Tuesday, November 5, 2013

Big Brother is ALWAYS Watching

I was in the produce department at Safeway when I saw a small uproar down at the end of the aisle. A handful of women gathered around a grocery cart in which reposed an infant. She was swaddled in pink and attended by her mother, who basked in the glow of appreciation for the beauty and perfection of her newborn, expressed by the women who'd apparently been attracted by new-mother pheromones or perhaps the smell of formula.

Well beyond that age when babies caused my hormones to scamper, I was about to drive on past when I saw him, drooping outside the stage lights, his eyes pools of abandonment as he waited for his mother to recover from post-partum notoriety and finish the shopping, so he could go home to his Legos. He was about four and every bit of the self-esteem that had ever been in him had been sucked out by the squirming alien in the pink blankie, who'd clearly brainwashed all the adults on the rock.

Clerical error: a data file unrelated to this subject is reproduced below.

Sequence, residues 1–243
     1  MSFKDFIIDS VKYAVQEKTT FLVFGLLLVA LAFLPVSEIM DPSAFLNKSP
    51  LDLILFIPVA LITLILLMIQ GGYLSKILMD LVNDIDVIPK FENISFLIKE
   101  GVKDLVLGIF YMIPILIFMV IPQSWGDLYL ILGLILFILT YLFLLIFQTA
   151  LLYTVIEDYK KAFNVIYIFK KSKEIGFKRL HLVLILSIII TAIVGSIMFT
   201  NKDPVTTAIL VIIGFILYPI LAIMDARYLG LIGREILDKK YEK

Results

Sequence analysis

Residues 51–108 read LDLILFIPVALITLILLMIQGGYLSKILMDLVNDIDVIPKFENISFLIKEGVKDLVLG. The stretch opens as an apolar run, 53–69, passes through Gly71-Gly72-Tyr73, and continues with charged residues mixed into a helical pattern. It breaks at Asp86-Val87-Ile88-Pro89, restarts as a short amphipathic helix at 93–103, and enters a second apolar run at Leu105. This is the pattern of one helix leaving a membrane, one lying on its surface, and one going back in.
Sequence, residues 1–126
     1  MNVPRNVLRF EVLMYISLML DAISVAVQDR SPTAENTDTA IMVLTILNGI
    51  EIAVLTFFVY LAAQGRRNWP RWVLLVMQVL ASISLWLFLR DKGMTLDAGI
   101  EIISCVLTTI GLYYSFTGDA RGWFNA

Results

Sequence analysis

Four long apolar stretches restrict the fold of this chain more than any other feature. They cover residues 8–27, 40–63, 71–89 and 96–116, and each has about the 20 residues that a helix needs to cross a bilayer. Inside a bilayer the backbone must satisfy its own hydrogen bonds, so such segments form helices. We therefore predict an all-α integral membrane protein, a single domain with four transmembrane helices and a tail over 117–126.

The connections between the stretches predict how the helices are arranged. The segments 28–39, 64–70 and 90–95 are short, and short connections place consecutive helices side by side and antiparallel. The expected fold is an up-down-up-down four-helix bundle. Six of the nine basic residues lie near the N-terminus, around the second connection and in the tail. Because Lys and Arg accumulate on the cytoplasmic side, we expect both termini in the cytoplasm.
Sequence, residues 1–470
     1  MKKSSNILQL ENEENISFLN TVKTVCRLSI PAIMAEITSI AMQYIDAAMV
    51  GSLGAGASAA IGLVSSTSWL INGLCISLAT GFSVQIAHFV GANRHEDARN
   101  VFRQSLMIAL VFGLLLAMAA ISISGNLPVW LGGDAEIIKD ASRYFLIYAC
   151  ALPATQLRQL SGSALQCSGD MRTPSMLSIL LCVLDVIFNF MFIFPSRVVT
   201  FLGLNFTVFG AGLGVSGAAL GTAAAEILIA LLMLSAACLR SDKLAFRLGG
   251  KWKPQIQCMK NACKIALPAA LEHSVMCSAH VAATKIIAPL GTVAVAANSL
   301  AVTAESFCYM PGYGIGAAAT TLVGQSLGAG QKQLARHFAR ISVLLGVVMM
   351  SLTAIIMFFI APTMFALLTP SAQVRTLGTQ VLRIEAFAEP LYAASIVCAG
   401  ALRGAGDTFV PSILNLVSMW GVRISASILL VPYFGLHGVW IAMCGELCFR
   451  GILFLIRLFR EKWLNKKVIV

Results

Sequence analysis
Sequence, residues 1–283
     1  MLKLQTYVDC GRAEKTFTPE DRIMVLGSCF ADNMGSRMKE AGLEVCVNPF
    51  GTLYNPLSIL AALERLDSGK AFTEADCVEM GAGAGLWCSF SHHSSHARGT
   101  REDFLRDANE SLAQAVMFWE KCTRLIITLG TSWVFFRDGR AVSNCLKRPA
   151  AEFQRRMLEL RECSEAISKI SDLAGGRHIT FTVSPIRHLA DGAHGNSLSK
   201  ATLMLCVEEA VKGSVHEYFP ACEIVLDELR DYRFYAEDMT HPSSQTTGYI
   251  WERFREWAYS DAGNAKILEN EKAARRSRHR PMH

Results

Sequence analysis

I was equally ignored by the squealing, cooing herd, so I squatted next to the boy and nodded toward his mom. "She told you yet what an important job you have?"

Surprised by this unwarranted attention, he shook his head, watching me, probably figuring any second I'd spring up and hand the new baby the keys to a car or something.

"Well, you know you're the big brother, don't you?" He nodded, so I went on, warming to my subject. "Why, that's about the most important job in the universe. That baby over there only showed up because there was already a big brother in place to take care of her. Fine babies like that one don't just get dropped into a family without a very important and capable big brother around to make sure she stays out of trouble. Besides, no matter what she does, no matter how many people thinks she's special, she's never, ever going to be anything but your. Little. Sister."

He seemed to stand a little straighter, looked a little bit proud, putting a possessive hand on the cart as a grin broke out on his face.

"She a pretty good baby?" I asked.

"Yeah, she's OK," he replied, with an almost geriatric sigh, leaning toward me to whisper, "But I looked and she ain't got no winkie."

"Figures," I said, grinning in return, tossing a head of lettuce in my cart as I ambled away.